For some reason I cannot divine, the camera bar on the LLS does not come with a stop pin for the rear side. The front side has a natural stop created by the Y support. I called RRS about that and they gave me an absolutely senseless answer and that phone call in itself was quite a story and reduced my opinion of the company. It was that senseless.
Anyway... I cut down a standard 1/4-20 bolt to the exact height I wanted and screwed that into an available hole at the back end of the camera bar. The bolt was sized to stick out at the same height as a standard RRS stop pin and therefore slides into the Wimberly clamp's stop pin slot.
I may be anal about stop spins but I think that thing just screams for a stop pin. Especially because you end up with two closely adjacent screw clamp knobs. It would be easy to grab and loosen the wrong knob, for example. The whole setup is quite a monstrosity.
Those are all the bad things I found with the LLS.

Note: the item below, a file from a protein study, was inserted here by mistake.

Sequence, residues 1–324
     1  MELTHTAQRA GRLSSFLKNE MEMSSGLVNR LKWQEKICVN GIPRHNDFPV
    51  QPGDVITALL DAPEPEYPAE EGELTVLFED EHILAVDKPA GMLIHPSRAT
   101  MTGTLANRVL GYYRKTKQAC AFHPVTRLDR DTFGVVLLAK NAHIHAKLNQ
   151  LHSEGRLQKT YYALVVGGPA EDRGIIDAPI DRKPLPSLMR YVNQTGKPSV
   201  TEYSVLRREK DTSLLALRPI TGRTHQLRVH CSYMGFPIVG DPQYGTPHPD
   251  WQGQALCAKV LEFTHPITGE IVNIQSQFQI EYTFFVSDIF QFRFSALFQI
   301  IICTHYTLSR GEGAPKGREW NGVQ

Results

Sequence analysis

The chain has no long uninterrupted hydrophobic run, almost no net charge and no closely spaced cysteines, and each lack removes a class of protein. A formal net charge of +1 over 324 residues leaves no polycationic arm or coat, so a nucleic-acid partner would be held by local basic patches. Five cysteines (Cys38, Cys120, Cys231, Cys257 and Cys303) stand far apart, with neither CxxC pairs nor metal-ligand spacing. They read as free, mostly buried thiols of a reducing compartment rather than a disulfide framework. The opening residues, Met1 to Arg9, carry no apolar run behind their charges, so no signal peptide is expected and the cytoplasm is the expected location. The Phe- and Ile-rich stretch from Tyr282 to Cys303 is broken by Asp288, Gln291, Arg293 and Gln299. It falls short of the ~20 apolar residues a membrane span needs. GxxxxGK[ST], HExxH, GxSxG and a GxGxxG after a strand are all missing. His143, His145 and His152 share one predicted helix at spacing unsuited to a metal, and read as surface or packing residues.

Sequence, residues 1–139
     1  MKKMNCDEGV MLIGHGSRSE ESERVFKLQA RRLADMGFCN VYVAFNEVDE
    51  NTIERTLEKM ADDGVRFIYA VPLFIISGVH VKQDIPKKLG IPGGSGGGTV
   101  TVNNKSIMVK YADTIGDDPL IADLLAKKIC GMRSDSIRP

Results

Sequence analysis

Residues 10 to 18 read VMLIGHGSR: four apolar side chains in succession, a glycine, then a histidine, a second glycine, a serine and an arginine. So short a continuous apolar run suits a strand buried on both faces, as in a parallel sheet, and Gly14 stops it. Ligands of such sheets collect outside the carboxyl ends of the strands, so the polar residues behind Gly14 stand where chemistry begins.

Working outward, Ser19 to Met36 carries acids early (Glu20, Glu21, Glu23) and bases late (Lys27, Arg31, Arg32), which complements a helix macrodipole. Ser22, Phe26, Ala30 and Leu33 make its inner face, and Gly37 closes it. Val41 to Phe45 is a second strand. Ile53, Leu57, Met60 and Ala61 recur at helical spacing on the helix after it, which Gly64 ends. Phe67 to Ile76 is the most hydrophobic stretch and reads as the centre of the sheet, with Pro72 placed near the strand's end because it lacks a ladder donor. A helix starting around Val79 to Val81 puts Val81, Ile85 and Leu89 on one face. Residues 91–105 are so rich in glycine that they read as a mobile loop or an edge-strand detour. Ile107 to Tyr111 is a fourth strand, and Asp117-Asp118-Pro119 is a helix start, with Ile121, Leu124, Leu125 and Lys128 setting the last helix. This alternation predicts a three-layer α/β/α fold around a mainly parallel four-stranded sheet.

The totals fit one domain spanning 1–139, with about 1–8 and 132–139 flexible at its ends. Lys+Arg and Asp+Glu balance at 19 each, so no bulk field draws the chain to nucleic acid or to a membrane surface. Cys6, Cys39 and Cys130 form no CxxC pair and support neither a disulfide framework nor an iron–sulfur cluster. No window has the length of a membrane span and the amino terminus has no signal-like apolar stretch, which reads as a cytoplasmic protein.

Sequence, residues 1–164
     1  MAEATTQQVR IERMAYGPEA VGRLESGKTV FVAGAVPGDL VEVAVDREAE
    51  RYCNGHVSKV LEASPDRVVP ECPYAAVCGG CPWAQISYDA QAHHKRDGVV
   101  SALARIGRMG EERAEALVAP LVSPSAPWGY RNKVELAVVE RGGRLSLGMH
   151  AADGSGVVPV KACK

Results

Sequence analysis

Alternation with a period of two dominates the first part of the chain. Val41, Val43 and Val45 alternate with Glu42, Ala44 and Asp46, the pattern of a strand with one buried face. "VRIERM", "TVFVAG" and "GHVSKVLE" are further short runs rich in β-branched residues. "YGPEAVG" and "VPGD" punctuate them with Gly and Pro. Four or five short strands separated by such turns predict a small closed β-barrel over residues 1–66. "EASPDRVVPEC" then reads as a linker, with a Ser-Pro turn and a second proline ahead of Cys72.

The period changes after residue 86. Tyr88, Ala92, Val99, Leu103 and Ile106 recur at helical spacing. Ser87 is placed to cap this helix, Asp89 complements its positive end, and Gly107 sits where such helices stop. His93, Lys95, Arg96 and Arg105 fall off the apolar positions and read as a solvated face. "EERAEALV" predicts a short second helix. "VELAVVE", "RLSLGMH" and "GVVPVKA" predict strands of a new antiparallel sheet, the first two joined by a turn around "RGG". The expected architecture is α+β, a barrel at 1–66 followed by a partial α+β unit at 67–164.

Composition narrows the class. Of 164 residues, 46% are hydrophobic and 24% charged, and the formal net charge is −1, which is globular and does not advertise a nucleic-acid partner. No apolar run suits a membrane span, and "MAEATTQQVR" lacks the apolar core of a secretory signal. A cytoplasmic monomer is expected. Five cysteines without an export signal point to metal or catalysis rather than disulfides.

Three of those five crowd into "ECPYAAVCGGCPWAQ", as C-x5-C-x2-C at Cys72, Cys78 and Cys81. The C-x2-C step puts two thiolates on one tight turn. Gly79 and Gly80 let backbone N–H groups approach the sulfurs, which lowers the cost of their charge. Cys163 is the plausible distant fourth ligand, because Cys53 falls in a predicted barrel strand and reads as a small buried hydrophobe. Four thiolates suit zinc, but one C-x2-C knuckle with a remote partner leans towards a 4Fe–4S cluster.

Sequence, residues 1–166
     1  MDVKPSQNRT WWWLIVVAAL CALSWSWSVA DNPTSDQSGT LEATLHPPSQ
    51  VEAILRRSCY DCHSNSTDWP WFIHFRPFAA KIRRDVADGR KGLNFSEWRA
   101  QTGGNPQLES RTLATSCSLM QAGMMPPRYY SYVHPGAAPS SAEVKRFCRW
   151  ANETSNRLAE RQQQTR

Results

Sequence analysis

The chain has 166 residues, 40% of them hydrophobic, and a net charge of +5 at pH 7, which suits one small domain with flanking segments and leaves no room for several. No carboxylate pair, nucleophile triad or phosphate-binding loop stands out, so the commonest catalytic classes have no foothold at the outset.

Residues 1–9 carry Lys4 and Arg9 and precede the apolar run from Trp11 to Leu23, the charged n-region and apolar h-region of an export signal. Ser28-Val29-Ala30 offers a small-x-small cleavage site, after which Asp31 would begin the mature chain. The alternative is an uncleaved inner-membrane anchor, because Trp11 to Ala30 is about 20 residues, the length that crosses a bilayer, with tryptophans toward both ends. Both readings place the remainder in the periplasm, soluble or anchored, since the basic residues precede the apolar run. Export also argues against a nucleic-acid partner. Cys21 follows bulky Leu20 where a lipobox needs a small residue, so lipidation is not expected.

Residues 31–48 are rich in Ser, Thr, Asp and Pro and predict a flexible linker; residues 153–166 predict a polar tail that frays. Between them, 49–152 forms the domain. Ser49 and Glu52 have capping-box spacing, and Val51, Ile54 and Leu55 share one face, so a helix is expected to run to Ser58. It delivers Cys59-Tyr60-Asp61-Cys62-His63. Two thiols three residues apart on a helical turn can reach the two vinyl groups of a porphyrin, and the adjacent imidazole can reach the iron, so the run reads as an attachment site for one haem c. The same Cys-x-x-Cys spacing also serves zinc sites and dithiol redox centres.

On the positive side, I found it helps... a little. A very little. It is not in any way a game changer. It won't make a Series 3 act like a Series 4 or 5. I often question if the bad things are worth the little extra stability I get.
I do not know how much, if any, the various long lens collars vary in terms of rigidity. Bkorn Rorslett has long been a critic of various Nikon lens feet and I think he came to the conclusion that the feet and collars have been lightened up over succeeding models (presumably to reduce weight). Recently Thom Hogan has been critical of certain long lens feet and started recommending the LLS.